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Darling-Hammond Outlines Professional-Development Report

Stanford University professor Linda Darling-Hammond is quickly becoming a polarizing figure for Democrats and the source of much debate, with news articles on her ranging from Tom Toch's take on assessment over at the Quick and the Ed to this New Republic piece that questions her credentials as a school reformer.

My colleague Alyson Klein and I got to chat with Darling-Hammond briefly today after her keynote speech at the National Staff Development Council conference. As Alyson notes, Darling-Hammond couldn't give many specifics about the transition process. Her speech, though, highlighted a number of the ideas that are more likely than not to make their way into various Obama administration policy proposals.

Many of them are drawn from case studies of OECD countries and from a report Darling-Hammond is working on. (Keep reading below for more on that.) In sum, she said, professional development is more effective when it's sustained, comprehensive, and embedded in the school day; when it incorporates peer coaching, observation, modeling, and feedback; and when it is explicitly tied to higher-order content and skills.

Good professional development, Darling-Hammond said, "is not a mystery. What is a mystery is how we will get policy to support this kind of [teacher] learning routinely... so that it can become the norm, not the exception."

To her point, changing around school schedules and teacher working hours is not an easy task. It's not hard to imagine why districts favor "spray-and-pray" professional-development workshops even if they know they aren't particularly effective, given that they are easier and probably cheaper to do than reorganizing school schedules, extending the school day or hiring additional staff to free up the common time for this type of PD.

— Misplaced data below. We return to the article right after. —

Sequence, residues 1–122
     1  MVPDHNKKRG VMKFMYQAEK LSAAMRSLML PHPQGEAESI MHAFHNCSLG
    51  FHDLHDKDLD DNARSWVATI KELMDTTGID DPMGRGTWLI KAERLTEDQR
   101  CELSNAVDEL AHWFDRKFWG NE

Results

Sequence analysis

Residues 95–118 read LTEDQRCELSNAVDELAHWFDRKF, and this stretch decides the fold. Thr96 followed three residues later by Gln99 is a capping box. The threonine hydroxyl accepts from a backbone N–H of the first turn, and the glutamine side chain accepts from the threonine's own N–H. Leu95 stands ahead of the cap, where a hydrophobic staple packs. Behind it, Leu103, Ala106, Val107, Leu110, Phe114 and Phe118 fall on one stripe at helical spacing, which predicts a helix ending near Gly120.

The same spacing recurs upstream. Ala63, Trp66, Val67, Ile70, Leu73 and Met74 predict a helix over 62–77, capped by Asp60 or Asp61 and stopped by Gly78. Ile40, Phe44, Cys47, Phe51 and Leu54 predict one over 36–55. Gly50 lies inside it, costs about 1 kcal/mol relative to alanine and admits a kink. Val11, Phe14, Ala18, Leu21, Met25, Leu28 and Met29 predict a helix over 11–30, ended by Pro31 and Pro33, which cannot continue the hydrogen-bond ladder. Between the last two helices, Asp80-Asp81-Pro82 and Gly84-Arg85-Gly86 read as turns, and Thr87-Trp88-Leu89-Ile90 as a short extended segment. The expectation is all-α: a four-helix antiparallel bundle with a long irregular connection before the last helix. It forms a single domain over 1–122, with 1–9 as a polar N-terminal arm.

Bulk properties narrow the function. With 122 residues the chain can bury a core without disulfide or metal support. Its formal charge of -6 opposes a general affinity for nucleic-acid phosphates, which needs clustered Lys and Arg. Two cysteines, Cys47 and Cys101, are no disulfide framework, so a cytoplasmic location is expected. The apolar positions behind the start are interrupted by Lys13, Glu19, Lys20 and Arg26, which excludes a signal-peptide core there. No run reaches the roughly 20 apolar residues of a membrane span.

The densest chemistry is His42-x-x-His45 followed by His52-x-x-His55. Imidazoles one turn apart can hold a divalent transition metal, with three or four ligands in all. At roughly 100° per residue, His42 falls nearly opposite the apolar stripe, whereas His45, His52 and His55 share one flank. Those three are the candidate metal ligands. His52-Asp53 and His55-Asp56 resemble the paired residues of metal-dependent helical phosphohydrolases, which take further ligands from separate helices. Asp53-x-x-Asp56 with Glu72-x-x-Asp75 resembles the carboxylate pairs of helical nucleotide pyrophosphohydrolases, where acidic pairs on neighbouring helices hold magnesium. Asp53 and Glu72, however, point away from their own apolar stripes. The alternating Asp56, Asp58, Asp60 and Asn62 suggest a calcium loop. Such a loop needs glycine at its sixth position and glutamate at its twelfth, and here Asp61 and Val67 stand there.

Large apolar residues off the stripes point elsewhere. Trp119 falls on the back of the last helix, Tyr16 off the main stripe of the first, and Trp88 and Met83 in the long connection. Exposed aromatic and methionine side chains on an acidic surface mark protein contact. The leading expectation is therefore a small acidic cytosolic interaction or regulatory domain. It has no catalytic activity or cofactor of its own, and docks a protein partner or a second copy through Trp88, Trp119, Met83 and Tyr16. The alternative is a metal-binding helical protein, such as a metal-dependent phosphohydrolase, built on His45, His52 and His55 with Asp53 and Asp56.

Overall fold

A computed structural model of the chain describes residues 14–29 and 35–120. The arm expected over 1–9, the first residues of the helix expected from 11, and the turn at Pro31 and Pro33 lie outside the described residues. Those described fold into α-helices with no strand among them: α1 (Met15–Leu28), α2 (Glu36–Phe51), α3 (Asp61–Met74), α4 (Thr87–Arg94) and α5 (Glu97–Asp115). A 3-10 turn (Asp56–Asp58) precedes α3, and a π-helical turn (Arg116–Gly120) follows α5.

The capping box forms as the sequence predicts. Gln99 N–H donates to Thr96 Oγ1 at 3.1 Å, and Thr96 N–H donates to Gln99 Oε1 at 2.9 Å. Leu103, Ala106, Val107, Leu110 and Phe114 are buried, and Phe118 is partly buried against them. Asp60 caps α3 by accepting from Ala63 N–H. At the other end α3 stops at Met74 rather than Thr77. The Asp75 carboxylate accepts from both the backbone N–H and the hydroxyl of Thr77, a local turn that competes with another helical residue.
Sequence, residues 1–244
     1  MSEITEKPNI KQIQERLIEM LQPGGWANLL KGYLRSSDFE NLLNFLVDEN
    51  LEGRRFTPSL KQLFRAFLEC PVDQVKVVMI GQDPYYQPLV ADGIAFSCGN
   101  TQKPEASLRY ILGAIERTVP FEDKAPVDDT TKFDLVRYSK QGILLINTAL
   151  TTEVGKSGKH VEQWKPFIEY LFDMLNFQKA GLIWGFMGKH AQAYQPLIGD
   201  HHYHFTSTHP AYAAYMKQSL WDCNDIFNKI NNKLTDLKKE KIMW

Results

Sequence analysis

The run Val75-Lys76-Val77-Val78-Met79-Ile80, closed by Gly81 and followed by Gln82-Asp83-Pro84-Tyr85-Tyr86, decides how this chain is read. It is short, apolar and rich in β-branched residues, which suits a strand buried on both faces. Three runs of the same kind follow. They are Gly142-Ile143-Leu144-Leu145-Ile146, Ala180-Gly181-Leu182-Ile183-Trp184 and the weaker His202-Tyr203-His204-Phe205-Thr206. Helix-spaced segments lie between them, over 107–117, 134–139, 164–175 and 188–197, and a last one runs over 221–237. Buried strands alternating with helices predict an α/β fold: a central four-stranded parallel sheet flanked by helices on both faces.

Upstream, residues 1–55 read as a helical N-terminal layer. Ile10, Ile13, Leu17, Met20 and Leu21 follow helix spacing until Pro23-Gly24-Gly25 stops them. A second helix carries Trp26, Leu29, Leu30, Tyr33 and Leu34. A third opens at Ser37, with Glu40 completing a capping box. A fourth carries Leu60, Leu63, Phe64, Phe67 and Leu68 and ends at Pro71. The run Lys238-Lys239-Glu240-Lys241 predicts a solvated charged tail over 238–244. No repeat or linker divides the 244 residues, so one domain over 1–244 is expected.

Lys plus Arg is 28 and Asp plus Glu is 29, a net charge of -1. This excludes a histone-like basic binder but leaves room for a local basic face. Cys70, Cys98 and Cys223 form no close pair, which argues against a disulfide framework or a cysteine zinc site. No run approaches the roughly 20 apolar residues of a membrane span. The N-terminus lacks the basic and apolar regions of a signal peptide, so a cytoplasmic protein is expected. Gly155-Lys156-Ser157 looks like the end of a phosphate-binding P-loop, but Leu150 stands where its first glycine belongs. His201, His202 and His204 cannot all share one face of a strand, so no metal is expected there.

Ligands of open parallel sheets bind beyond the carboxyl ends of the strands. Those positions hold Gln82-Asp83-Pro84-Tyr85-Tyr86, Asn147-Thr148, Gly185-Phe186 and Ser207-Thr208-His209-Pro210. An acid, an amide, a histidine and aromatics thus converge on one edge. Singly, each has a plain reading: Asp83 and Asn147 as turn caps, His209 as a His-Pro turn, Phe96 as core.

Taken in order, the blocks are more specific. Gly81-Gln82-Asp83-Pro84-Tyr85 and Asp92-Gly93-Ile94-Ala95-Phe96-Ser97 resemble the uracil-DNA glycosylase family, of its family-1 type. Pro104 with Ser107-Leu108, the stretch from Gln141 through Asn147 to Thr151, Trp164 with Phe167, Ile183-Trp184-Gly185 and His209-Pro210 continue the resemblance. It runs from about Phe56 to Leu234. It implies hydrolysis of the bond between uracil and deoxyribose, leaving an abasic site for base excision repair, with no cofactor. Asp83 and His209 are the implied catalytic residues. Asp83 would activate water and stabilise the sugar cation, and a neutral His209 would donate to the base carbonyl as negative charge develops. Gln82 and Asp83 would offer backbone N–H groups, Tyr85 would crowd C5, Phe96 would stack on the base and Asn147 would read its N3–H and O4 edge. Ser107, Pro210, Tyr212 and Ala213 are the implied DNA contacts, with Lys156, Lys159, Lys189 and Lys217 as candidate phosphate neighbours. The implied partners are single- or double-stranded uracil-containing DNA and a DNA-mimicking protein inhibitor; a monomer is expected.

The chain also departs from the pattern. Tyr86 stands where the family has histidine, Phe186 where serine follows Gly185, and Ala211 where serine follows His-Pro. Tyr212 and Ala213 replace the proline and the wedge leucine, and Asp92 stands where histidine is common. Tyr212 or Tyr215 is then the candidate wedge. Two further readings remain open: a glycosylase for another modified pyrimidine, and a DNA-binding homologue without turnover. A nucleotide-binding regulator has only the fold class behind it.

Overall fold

At the federal level, NSCD has been pushing for a new federal definition of professional development in the No Child Left Behind Act that would require federal dollars to support on-site professional development for teachers and better mentoring. Sen. Jack Reed, D-R.I., introduced S. 1979, a bill that incorporates the NSCD definition. I asked Darling-Hammond about this bill, and while she didn't endorse it, she did say its ideas were in line with the team's conversations.

Much of Darling-Hammond's speech was keyed to a report she's spearheading with NSCD analyzing the research on professional development. The report, the first part of which will be released early next year, contains data from a survey of 40,000 educators conducted as part of the Education Department's Schools and Staffing Survey; data from a survey of 50,000 educators conducted by the NSCD; and a review (thought not a formal meta-analysis) of the most methodologically sound research studies on professional development.

The report will outline not just the relationship of PD to teachers' attitudes and behaviors, but whether the PD practices studied improved student achievement, Darling-Hammond said.

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